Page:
Absolutely. I think humor is absolutely essential. I think a lot of times -- especially in my past work -- it’s been kind of missed. But it's there. Anybody who saw Tool play in the late ‘90s with the wig and lipstick and fake tits, if you can’t look at that and laugh, because I was laughing, I don’t know about you but I thought it was ridiculous and would just horrify my band mates. Every time I was about to step on stage, I could barely keep a straight face. One of my favorite outfits was the one that just made my friend Camilla just cringe… she had to get therapy. It was this orange Victoria’s Secret outfit with this big Peg Bundy wig and fake tits and some platforms, and whenever she sees the photos of it, she has to go get therapy.

SG:

[Laughs]

MJK:

It was funny. So the humor is definitely an essential element to this project and [laughs] I think there’s been some -- I don’t know if they’re Tool fans or just have some expectation of what I’m supposed to be doing here -- but they’re hostile and upset that there’s no math involved [laughs]. I’m just having fun and doing what I want to do and just kind of seeing where this goes, [but] they’re getting a little angry at me. I guess they missed the sense of humor in the other stuff because there’s a hell of a lot more here. Maybe I’m just not very funny. Humor and art are inseparable. Even the most serious forms of art, if viewed by someone else, they’re actually comical. That’s as essential as the introspection and the picking the scabs and dissecting it. Giggling at it is just as healthy and just as therapeutic. You can’t take yourself too seriously; life’s too short.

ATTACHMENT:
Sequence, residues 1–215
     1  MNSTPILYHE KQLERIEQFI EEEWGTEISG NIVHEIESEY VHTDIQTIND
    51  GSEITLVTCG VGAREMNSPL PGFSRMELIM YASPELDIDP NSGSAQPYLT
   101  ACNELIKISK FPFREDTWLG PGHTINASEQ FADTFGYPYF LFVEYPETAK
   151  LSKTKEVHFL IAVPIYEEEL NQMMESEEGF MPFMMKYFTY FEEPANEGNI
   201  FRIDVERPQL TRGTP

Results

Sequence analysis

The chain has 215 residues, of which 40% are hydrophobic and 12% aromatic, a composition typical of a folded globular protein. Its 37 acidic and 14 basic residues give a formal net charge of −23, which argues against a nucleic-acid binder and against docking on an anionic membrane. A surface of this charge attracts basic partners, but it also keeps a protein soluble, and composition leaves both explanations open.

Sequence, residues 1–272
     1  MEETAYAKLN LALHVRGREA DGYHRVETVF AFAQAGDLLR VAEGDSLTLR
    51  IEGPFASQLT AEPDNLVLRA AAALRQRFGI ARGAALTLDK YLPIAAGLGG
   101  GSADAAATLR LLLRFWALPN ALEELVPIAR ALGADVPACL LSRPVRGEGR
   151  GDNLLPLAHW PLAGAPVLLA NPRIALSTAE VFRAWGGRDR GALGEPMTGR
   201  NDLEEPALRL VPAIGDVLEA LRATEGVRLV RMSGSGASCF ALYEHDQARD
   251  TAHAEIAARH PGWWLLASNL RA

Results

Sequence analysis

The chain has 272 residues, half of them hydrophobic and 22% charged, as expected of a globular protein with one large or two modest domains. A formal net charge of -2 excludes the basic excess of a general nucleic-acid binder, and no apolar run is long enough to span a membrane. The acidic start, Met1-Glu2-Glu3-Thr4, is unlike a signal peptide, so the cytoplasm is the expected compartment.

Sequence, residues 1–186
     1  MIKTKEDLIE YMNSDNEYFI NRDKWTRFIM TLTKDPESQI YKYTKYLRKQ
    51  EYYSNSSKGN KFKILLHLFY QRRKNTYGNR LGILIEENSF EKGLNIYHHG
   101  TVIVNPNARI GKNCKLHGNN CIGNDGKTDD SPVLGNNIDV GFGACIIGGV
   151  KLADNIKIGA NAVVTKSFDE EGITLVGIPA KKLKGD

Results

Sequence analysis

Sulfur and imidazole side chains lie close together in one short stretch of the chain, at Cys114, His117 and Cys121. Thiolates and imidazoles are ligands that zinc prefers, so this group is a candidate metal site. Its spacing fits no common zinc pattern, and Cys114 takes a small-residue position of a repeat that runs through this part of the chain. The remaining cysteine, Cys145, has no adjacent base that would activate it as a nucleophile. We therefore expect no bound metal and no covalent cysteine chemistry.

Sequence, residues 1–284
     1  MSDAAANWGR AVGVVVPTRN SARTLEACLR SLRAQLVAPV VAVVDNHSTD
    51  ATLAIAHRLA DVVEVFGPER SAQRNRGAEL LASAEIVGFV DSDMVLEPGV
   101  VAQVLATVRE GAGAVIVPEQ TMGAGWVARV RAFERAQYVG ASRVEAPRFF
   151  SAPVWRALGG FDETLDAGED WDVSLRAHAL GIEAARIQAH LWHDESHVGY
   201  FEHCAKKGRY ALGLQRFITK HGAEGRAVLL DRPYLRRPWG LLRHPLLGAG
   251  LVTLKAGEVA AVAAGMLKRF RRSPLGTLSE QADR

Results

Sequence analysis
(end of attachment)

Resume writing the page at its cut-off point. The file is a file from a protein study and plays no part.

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Nabavila sam neki album A Gothic Acoustic Tribute To Tool .. shtaznam, nie losse. Mjuza je ok, skroz aqstic i ima onu Toolowsq atmosferu, ali uglawnom wokal sjebawa.

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Ajde ako imas link ka albumu stavi ga ovde :pivopije:

Inace nabavio sam Vicarious dokumentarac,samo u mp3 formatu,ne znam da li znate ali Adam i ovi iz Tool-a oce da naprave crkvu posvecenu Tool-u :) tj.da bude neka istripovana gradjevina koja bi sluzila kao secanje na njihovu muziku i crteze koje im je radio onaj lik(zaboravih ime).

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Nabavila sam neki album A Gothic Acoustic Tribute To Tool .. shtaznam, nie losse. Mjuza je ok, skroz aqstic i ima onu Toolowsq atmosferu, ali uglawnom wokal sjebawa.

 

a sto ne bi ti prestala da izigravas idiota i pocela normalno da pises?